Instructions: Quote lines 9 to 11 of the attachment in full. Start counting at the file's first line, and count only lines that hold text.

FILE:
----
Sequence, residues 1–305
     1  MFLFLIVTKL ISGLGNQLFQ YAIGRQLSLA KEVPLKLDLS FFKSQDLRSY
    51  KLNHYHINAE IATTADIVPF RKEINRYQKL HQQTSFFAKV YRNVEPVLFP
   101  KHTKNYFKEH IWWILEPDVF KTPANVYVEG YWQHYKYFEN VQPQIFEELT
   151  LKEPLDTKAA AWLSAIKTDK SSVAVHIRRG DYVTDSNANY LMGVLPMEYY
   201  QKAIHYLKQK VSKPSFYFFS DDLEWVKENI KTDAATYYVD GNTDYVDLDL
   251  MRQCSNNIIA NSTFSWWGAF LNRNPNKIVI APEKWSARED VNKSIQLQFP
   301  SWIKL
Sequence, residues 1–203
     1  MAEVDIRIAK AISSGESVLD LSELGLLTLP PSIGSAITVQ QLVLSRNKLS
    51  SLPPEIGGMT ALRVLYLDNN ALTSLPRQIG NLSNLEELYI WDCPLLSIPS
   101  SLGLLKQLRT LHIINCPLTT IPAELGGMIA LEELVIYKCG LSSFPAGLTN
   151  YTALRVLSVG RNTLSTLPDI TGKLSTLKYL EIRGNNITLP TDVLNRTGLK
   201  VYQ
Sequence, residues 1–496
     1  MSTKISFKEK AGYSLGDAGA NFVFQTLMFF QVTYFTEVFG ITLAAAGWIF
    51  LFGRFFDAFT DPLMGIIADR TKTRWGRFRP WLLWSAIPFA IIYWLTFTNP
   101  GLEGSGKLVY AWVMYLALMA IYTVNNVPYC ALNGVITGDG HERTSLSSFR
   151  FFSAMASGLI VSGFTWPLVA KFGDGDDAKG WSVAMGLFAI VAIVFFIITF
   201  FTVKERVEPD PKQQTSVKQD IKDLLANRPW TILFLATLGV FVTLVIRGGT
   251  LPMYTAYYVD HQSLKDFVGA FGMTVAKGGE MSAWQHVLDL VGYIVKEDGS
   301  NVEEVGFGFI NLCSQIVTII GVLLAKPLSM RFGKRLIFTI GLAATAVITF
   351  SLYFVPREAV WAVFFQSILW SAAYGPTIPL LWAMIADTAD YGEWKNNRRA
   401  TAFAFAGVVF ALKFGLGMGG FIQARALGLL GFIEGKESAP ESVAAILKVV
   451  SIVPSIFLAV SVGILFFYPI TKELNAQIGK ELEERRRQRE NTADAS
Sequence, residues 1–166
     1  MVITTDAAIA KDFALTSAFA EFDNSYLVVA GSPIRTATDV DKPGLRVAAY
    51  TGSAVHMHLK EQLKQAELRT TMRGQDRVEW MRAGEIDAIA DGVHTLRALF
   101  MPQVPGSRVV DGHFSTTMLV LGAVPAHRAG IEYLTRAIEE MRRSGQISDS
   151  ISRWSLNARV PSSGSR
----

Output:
Sequence, residues 1–203
     1  MAEVDIRIAK AISSGESVLD LSELGLLTLP PSIGSAITVQ QLVLSRNKLS
    51  SLPPEIGGMT ALRVLYLDNN ALTSLPRQIG NLSNLEELYI WDCPLLSIPS